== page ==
South Korea’s aging population poses a key challenge to the country’s insurers in coming decades, with the share of the population aged 65 or above set to double to 32% by 2040 from 16% in 2020, Moody’s Investors Service says in a new report released yesterday.
“Korea’s population is aging at a faster rate than Japan’s, and this trend will be credit negative on profitability and capital adequacy as demand for mainstream insurance products – such as mortality protection and auto policies – declines,” says Mr Young Kim, a Moody’s analyst.
“We expect insurers will increasingly focus on third-sector products in pursuit of growth, such as health insurance which additionally is less sensitive to interest rate movements and consumes less capital than other traditional insurance products like savings and annuity,” added Mr Kim.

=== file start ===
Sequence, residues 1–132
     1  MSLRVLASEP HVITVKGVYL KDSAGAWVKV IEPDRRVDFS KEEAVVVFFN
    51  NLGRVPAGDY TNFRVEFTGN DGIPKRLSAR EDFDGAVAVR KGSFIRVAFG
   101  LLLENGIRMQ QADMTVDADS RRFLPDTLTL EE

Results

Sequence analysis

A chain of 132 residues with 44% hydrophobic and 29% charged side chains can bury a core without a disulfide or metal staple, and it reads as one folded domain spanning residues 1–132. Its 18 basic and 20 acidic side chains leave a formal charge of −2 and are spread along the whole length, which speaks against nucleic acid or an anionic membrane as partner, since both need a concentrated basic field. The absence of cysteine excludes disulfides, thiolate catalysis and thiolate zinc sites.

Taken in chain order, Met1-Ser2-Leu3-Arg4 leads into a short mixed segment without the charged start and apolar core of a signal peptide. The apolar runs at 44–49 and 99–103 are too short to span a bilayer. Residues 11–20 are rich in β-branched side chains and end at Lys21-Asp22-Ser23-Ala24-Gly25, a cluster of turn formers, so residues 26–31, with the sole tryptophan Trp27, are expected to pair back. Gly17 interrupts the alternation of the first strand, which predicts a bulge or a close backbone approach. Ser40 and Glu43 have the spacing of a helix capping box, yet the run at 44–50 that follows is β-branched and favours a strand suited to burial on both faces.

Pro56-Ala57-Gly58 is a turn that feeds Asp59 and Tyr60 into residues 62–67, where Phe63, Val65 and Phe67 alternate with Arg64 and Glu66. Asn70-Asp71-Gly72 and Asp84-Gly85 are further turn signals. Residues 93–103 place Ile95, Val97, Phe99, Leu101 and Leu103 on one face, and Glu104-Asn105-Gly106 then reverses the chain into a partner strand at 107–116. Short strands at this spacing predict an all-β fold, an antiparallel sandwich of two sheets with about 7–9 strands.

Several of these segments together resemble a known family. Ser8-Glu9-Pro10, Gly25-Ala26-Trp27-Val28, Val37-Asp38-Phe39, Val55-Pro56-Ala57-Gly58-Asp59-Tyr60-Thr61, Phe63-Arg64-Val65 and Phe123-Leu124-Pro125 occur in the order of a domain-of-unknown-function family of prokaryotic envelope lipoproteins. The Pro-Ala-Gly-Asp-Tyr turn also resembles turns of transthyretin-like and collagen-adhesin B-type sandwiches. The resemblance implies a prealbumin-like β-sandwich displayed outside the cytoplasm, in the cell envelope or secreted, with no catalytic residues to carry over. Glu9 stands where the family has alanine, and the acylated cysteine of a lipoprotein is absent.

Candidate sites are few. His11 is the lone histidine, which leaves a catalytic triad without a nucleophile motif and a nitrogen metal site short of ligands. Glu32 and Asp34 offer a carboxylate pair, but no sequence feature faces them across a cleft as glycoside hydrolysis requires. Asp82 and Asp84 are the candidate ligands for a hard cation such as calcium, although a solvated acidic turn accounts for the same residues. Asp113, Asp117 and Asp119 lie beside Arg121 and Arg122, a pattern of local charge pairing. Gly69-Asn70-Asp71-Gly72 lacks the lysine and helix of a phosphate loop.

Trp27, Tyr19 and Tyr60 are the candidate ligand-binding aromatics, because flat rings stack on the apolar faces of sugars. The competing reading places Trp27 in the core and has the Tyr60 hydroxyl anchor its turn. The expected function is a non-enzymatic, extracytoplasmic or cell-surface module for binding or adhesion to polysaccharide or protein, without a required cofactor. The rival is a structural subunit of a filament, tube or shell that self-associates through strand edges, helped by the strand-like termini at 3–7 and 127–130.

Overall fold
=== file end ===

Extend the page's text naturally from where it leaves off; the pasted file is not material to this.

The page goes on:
Such expansion is not without its own risks, and their growing exposure to health insurance will leave insurers vulnerable to risks such as medical costs inflation, regulatory intervention, and a lack of a claims record, which could lead to inadequate pricing.
Moreover, uncertainty remains around whether third-sector insurance alone can sustain the insurance sector’s credit standing, with risks of the unseasoned nature of new products. Even insurers that have adapted well so far will face rising competition while growing reliance on third-party agency channels to distribute third-sector products could push up commission expenses and further narrow margins.